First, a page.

for a given fixed K. using K-means clustering to find an optimal set of cluster centers that will form the bunch. We run K-means clustering on the jets with K running from 2 to N . The algorithm is detailed in Algorithm 2. using the phase-insensitive metric. and there would be no displacement. In order to do this.1 K-means clustering The K-means algorithm was first described by J. then the best match for each jet would be itself. The pseudo-bunch clustering is necessary for a readily-apparent reason: if we did not reduce the set of all jets to a smaller set of cluster centers. The running time of this algorithm. 5. and then attempting to match this canonical feature description as closely as possible by adjusting the jet location in the novel image. we take the inter-cluster variance over intra-cluster 10 variance. Prelocalization then proceeds as EBGM localization would. is O(N ). MacQueen in [5]. Given an arbitrary initial clustering into K classes. The centers of these clusters then form the pseudo-bunch. For each clustering. 5. picking the best match out of the bunch by the phase-insensitive similarity measure and then using the phase-dependent displacement estimation formula to shift the point.closely matches the approximate location. do not change between iterations). the algorithm alternates between recomputing the class centers and then recomputing the classifications until the classifications converge (i.2 Jet Pseudo-Bunch Construction Prelocalization makes use of the displacement estimation formula to shift fiducial point labels. and then we pick the clustering with the best inter-cluster separation. similar to prior-discussed metrics.2. by the 27 . and is a remarkably simple solution to the clustering problem. We give the formal algorithm in Algorithm 3.. by making a reasonable guess. we obtain K from 3 to 6. In practice. we need a jet bunch from which to choose the best-matching canonical feature jet. for lack of real outside knowledge from manual training. We must simulate having a canonical knowledge of the particular feature.e. We form this pseudobunch from the jets extracted at the initial fiducial point placement. driven by the phase-sensitive similarity function.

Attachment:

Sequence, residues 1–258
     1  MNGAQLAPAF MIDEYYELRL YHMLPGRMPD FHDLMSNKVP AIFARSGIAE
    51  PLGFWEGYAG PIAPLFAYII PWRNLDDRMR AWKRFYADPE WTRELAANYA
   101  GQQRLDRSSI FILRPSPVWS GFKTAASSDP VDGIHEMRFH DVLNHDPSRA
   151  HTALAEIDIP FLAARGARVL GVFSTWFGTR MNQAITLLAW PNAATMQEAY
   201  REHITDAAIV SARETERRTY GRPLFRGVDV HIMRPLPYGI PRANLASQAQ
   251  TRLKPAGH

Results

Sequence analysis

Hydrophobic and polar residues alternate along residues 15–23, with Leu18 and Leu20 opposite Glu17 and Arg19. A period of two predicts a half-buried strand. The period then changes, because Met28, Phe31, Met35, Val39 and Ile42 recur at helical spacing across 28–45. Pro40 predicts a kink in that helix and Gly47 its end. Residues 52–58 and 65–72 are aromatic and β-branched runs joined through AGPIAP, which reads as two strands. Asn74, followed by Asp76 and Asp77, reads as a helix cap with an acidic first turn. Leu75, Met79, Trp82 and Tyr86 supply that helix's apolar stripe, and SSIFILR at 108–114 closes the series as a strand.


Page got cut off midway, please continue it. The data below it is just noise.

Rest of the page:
K. centers ⇐ Kmeans(points. centers[classes[i]]) end for goodness ⇐ interV ariance/intraV ariance if goodness > bestGoodness then bestGoodness ⇐ goodness bestClasses ⇐ classes end if end for + 28 .Algorithm 2 Pseudo-bunch selection algorithm Require: points[N ]. N > 0 Ensure: centers[K]. 100) interV ariance ⇐ 0 intraV ariance ⇐ 0 for i = 1 to N do minDist ⇐ ∞ for j = 1 to K do if j = classes[i] then continue end if dist = euclidianDistSquared(points[i]. K small bestGoodness ⇐ 0 bestClasses ⇐ null for K = 2 to n/10 do classes. centers[classes[j]]) if dist < minDist then minDist ⇐ dist end if end for interV ariance ⇐ interV ariance + minDist intraV ariance ⇐ intraV ariance euclidianDistSquared(points[i].